Put Washington in a time-out. Bring in people who know something about the border.

If we really want to get serious about border security, it is time to put the Washington politicians in a timeout and bring in people who know what they are talking about.

At a closed meeting of senior House Democrats a couple of weeks ago, Rep. Carolyn B. Maloney (D-N.Y.) came up with an idea that had some promise: Why not ask the governors of the four states along the U.S.-Mexico border — who happen at the moment to be two Democrats and two Republicans — for their ideas of how best to spend federal money to make the border safer?

Her proposal has not gotten anywhere. But it — or some version of it — deserves serious consideration now that one partial government shutdown is over and another looms.

What is needed is an approach that goes beyond the immediate challenge before a conference committee of House and Senate negotiators. Their task, plenty difficult on its own, is to come up with a spending agreement that soothes President Trump enough to keep the government open past the next deadline, which is Feb. 15.

But they should also take this opportunity to find a more rational way to discuss border security, which is a goal that both parties say they want.

“The best policy is generated from facts and data,” Maloney says. “We need to get creative.”

The border-state governors, as Maloney noted, have an especially valuable perspective. Whether they would be willing to dive into the middle of this fight is another question.

More than 60 percent of the U.S.-Mexico border runs through Texas. But its Republican governor, Greg Abbott, has been noticeably silent about Trump’s demand for $5.7 billion to build a wall.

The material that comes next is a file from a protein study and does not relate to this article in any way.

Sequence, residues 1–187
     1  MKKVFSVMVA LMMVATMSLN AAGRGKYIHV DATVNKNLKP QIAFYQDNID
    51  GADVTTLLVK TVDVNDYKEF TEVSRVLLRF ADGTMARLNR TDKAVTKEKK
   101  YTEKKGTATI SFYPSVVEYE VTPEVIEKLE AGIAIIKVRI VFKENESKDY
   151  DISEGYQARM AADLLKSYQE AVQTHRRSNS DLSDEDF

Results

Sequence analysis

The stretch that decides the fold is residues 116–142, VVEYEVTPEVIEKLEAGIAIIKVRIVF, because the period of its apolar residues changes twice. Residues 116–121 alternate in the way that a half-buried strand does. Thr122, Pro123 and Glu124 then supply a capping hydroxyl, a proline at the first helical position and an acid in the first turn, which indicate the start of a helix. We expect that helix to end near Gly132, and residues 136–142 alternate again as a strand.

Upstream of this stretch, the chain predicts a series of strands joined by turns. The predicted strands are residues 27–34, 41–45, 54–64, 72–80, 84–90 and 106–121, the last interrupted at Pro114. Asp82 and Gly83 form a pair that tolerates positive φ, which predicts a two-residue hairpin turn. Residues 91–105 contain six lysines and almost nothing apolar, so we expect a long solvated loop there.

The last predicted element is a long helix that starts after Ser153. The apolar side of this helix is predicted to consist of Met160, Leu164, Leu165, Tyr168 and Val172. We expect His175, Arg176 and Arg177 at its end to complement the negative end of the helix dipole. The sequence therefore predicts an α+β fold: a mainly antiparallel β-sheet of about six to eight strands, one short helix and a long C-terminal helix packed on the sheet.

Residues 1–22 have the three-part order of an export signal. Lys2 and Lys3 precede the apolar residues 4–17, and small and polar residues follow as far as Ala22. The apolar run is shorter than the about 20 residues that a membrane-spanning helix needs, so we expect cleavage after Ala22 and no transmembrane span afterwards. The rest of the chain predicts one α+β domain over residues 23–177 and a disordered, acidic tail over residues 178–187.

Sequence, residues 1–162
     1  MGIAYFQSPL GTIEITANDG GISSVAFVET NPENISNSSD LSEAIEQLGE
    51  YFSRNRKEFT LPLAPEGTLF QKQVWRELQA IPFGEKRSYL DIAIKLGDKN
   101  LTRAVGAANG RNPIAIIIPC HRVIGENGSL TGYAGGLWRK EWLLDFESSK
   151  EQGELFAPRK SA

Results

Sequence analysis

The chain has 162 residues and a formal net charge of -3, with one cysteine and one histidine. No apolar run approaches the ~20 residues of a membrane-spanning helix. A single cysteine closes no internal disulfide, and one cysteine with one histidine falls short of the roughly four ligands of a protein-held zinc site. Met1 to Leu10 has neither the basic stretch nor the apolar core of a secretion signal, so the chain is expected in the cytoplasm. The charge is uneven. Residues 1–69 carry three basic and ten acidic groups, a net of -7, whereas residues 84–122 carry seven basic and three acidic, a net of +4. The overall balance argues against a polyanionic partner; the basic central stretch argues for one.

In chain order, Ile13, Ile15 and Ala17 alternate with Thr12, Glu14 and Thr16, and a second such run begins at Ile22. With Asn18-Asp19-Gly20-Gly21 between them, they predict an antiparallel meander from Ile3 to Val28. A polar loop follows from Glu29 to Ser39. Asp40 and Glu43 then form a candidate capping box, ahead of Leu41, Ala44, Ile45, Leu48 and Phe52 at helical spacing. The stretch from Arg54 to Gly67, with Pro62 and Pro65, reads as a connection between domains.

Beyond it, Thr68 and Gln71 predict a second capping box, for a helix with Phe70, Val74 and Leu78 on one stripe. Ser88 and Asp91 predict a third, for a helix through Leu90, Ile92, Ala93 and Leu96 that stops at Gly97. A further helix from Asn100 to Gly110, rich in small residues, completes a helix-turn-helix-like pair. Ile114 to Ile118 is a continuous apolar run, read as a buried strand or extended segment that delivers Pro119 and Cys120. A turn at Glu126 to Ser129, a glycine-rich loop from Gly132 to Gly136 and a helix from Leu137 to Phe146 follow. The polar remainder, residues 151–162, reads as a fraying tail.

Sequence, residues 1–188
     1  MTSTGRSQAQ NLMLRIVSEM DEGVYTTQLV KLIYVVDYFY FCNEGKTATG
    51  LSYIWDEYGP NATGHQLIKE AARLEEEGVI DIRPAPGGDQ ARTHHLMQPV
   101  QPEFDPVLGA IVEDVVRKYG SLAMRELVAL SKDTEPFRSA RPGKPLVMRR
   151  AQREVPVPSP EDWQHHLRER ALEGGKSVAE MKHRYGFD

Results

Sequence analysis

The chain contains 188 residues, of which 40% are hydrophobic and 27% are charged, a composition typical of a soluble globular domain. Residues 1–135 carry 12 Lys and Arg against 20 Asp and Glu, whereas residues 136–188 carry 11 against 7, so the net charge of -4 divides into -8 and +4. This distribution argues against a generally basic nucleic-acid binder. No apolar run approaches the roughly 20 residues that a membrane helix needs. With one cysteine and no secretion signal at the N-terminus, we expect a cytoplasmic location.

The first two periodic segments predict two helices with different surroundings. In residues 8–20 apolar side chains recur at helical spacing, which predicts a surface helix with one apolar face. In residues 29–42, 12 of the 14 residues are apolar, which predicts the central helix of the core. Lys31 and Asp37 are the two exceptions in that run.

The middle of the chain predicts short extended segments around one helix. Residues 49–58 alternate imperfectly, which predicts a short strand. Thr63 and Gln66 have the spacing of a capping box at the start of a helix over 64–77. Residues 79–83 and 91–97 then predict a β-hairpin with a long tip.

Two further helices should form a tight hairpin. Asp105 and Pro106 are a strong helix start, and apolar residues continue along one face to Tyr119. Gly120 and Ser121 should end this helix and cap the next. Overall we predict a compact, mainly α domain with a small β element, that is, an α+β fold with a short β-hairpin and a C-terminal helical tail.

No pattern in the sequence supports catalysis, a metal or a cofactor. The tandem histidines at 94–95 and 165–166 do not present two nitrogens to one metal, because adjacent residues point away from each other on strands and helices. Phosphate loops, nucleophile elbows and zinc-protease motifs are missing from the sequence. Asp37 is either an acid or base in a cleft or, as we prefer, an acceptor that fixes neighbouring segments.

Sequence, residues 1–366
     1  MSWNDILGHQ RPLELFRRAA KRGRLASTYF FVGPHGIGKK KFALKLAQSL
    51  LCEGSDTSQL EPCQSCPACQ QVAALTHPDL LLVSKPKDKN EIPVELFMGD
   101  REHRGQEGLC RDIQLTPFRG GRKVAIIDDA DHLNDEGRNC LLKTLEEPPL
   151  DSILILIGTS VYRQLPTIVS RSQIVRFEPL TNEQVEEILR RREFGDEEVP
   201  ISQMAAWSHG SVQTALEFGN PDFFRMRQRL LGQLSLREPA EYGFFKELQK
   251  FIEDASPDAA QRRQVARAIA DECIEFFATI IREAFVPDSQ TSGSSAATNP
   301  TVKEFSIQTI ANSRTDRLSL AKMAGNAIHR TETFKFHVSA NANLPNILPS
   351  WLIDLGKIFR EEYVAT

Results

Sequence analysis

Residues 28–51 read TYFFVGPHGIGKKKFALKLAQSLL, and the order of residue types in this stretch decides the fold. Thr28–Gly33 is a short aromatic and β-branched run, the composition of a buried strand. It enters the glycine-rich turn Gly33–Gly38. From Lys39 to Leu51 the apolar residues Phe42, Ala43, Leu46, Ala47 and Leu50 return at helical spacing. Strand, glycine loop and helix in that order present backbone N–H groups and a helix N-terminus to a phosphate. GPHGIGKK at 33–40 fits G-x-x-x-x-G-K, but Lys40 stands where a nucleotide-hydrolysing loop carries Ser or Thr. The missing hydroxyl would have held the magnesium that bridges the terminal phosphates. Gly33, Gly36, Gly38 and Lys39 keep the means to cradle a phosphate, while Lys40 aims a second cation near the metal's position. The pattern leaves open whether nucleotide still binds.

Still, there is plenty of experience and expertise elsewhere that might be tapped in searching for consensus on border security.

One possibility: Senate Majority Leader Mitch McConnell (R-Ky.) and House Speaker Nancy Pelosi (D-Calif.) could each appoint a set of experts to a bipartisan commission, give them three months to analyze the security needs at the border and ask them to prioritize how $5.7 billion should be spent to address those problems. Then, the two congressional leaders could pledge to put their proposal in its entirety to an up-or-down vote in each house of Congress, negating the possibility that it could be picked apart in yet another round of partisan squabbling.

It is easy to dismiss a blue-ribbon-commission approach as simply punting an intractable problem. But similar approaches have worked in the past, notably in the early 1980s, when a bipartisan commission helped bring Congress together to make the Social Security system more solvent.

To work, such a panel would have to have credible, balanced leadership — co-chaired, say, by Doris Meissner, who was commissioner of the U.S. Immigration and Naturalization Service under President Bill Clinton, and Michael Chertoff, who was secretary of homeland security under President George W. Bush.

One of the most beneficial things a group of experts could do is define what problems truly exist at the border. Is there a crisis? And if so, what kind of crisis?

It is not the one that Trump claims, with the outrageously inflated — and suspiciously precise — numbers he tweeted Sunday: “We are not even into February and the cost of illegal immigration so far this year is $18,959,495,168. Cost Friday was $603,331,392. There are at least 25,772,342 illegal aliens, not the 11,000,000 that have been reported for years, in our Country.”

In fact, as measured by the number of people crossing illegally, the border has become much tighter than it used to be. Apprehensions in recent years have been running at roughly a quarter of what they were at their peak, around the year 2000.

But there are long-standing problems, with obvious solutions. Stemming the flow of illegal drugs, most of which are smuggled through legal checkpoints, calls for greater manpower and more sophisticated detection. And yes, physical barriers have a role as well, as they have for decades.

Meanwhile, there is a newer challenge, with the arrival of record numbers of families and unaccompanied children seeking refuge from violence and poverty. The Trump administration’s response, which has been to narrow the means of applying for asylum and tighten the criteria, has served only to sow more chaos at the border, which will worsen with a newly implemented policy that forces migrants to wait in Mexico as their claims are processed in U.S. courts.

So does Congress really want to do anything about border security? If so, the two parties must stop talking past each other. And if the politicians cannot do it, it is time to bring in someone else to make a try.